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Tuesday November 24, 2015

Washington News

Washington Hotline

Permanent Tax Extenders Effort

On November 19, House Ways and Means Committee Chairman Kevin Brady (R-TX) publicly stated that he was continuing to negotiate with the hopes of passing permanent tax extenders. In his November 18 meeting of the full Ways and Means Committee, Brady urged passage of permanent extenders and stated, “An important step is before us as we work to end this ridiculous cycle of important but temporary tax provisions. Permanency creates certainty, boosts the economy and advances tax simplification by removing the asterisk from so many temporary provisions.”

The Brady plan is likely to involve negotiating some permanent tax extenders with the balance renewed for 2015 and 2016. Ways and Means Committee member David Reichert (R-WA) indicated that there is ongoing discussion about which extenders would be permanent. He also suggested that some extenders “will not make it to the bill.”

The Democratic position was outlined by Rep. Richard Neal (D-MA). He stated, “I think now we have to get down to what is going to make it and perhaps what is not going to make it.” Neal emphasized that Democratic Members were seeking permanent status for the Earned Income Tax Credit (EITC) and Child Tax Credit (CTC).

Chairman Brady expressed concern that both the CTC and EITC have fairly high rates of usage by individuals who do not qualify for the benefit. He is hopeful that the legislation would include provisions to increase compliance for these benefits. If a compromise on the compliance measures can be reached, there may be a bill with permanent business, charitable, CTC and EITC extenders.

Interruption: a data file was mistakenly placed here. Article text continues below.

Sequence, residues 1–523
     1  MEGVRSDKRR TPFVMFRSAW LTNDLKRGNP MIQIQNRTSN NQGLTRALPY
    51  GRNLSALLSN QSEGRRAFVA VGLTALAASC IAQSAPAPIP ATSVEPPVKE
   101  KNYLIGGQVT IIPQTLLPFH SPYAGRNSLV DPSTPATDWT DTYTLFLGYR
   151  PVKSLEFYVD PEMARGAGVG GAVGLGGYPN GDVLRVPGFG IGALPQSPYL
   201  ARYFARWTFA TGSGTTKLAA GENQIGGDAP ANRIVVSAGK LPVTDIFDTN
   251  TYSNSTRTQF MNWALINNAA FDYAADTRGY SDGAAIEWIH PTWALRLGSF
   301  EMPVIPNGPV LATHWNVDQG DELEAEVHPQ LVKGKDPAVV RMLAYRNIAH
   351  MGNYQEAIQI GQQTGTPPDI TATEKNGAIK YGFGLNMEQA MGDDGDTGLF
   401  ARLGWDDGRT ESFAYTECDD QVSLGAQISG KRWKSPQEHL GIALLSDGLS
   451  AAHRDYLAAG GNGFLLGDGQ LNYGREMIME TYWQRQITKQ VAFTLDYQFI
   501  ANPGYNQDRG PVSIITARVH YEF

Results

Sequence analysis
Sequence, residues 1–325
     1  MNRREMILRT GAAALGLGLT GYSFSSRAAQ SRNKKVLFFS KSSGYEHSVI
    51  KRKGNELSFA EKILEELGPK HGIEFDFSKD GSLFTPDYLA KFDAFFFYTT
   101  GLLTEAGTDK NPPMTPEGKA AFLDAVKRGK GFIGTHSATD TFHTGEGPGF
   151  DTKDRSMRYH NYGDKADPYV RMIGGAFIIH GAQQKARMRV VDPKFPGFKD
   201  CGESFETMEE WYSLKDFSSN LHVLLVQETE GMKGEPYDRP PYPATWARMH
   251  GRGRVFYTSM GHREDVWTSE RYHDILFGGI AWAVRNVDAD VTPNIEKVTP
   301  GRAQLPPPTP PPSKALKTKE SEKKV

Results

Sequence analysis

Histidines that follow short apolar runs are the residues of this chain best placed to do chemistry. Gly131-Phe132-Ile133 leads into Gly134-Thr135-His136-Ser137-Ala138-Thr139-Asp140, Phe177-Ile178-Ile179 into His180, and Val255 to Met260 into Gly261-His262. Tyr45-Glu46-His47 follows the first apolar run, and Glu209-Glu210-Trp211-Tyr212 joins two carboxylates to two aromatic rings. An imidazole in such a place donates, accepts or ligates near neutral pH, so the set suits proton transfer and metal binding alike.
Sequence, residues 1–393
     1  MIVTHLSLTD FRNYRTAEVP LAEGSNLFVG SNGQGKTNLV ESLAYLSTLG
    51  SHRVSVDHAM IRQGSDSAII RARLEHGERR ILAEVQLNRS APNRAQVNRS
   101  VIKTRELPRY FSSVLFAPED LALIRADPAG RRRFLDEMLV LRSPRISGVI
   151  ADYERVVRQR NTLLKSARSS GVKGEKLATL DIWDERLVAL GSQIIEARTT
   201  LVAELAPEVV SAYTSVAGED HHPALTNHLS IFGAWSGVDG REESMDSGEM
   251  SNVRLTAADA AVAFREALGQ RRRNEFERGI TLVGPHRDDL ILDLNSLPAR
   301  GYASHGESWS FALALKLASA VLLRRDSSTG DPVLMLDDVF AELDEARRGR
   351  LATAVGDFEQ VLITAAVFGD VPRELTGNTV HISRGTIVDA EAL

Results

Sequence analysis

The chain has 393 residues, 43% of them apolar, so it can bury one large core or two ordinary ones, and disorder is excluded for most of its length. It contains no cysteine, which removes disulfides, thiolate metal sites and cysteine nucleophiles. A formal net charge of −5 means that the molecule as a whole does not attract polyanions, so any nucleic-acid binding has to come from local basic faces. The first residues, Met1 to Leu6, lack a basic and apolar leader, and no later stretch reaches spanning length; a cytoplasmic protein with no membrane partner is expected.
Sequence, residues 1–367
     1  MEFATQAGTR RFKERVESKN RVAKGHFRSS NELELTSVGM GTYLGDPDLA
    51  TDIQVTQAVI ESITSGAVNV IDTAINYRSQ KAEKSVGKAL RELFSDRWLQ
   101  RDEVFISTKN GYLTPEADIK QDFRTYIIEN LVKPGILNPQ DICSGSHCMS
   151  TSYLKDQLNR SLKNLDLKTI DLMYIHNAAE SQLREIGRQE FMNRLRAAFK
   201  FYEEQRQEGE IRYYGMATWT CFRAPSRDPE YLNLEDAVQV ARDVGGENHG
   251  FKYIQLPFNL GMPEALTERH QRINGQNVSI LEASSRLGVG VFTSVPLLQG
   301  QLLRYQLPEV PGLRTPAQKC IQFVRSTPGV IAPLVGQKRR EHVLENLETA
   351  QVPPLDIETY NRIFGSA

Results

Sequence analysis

A final bill is not expected before Thanksgiving. It is quite possible that a tax extenders bill will be incorporated into the budget bill scheduled for December 11, 2015.

Editor’s Note: The House has previously passed permanent versions of the IRA Charitable Rollover, enhanced deductions for conservation easements and increased deductions for gifts of food inventory. If there is a permanent tax extenders bill, these three provisions are likely to be included. The White House has previously stated that it will not support permanent tax extenders unless the CTC and EITC are included. The White House also would like to make permanent the American Opportunity Tax Credit (AOTC). While it will be after Thanksgiving before the final compromise is known, there is a potential compromise between the White House, Senate and House that could produce permanent status for these three charitable provisions. If the compromise talks break down (as happened in December of 2014), then the two-year extension of all provisions is likely. In this case, the IRA Rollover will be enacted retroactive to January 1, 2015.

Democratic Debate Discusses Taxes

At the November 14 Democratic Presidential candidates debate in Des Moines, IA, both individual and capital gains taxes were discussed.

Former Maryland Governor Walter O’Malley was asked about funding for his proposals for paid family leave and free college education. As Governor of Maryland, O’Malley raised multiple taxes. At the debate he advocated increased taxes on upper-income persons. O’Malley stated that his proposals will be covered by “elimination of one big entitlement that we can no longer afford as a people, that is the entitlement that many of our super-wealthiest citizens feel they are entitled to pay – namely, a much lower income tax rate and a lower tax rate on capital gains.” O’Malley continued with the proposal that capital gains should be taxed at the same rate as ordinary income.

Sen. Bernie Sanders (D-VT) has supported paid family leave, free college tuition and $1 trillion in infrastructure repairs. When asked how he would pay for these proposals, Sanders responded, “We bailed out Wall Street. It is their time to bail out the middle class, help our kids be able to go to college tuition-free. So we pay for this by demanding that the wealthiest people and the largest corporations, who have gotten away with murder for years, start paying their fair share.”